SEATTLE—An international research at the Fred Hutchinson Cancer Research Center has identified variations in four genes that are linked to an increased risk of colorectal cancer. Colleagues from 40 institutes throughout the world published their findings online ahead of the April print issue of Gastroenterology.
The team was co-led by cancer prevention researcher Ulrike “Riki" Peters, PhD, MPH, and biostatistician Hsu Li, PhD. Peters and colleagues for the past four years have been studying the genes linked to colorectal cancer through the Genetics and Epidemiology of Colorectal Cancer Consortium, a collaboration involving researchers from North America, Australia and Europe who have pooled data from approximately 40,000 study participants, about half of whom have colorectal cancer. Fred Hutch houses GECCO’s coordinating center and Peters is its principal investigator.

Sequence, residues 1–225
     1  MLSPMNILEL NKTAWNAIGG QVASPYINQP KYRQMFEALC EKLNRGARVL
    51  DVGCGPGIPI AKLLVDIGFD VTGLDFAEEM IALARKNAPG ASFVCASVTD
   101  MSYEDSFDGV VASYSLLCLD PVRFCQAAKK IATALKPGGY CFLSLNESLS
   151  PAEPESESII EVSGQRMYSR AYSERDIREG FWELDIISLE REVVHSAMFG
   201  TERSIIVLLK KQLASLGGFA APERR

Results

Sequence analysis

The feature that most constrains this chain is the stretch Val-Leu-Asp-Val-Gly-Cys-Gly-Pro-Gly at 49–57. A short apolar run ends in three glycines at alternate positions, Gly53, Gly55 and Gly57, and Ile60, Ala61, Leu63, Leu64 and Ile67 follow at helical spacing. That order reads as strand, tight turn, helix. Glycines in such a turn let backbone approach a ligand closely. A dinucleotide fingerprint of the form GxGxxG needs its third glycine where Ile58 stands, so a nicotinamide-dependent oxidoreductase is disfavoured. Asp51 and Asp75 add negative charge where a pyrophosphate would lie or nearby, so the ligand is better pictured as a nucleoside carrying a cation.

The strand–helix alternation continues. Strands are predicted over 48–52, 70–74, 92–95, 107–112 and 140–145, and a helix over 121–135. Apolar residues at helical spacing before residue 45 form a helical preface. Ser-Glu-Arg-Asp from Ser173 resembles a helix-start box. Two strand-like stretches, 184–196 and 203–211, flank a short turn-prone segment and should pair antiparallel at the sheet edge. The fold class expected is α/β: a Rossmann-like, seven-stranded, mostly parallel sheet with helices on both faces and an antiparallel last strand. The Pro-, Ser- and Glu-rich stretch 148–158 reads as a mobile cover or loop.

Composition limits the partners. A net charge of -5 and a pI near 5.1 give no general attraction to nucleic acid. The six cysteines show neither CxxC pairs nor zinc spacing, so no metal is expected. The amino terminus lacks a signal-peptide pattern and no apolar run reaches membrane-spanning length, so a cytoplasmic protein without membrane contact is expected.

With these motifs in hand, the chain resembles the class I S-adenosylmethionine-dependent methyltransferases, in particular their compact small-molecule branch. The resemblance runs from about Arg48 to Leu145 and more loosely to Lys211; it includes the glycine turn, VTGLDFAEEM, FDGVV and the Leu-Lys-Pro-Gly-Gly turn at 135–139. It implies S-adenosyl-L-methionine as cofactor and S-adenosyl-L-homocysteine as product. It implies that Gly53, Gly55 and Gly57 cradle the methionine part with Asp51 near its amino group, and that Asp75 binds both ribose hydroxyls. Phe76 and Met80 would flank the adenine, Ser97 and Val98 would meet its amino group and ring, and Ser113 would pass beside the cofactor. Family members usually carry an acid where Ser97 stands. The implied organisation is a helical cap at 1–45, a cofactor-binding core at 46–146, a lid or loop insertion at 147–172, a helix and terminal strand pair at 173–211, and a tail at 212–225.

The genomewide-association study was conducted in two phases. The first involved rapidly scanning complete sets of blood DNA from 12,696 people with colorectal cancer or a precancerous condition called adenoma. This data was then compared to the same set of variants from 15,113 healthy controls of European descent.
Of 2.7 million genetic variants identified, the 10 most statistically significant mutations associated with colorectal cancer were then further analyzed in a follow-up genomewide-association study of 3,056 colorectal cancers or adenomas and colon-tissue samples from 6,658 healthy controls of European and Asian descent.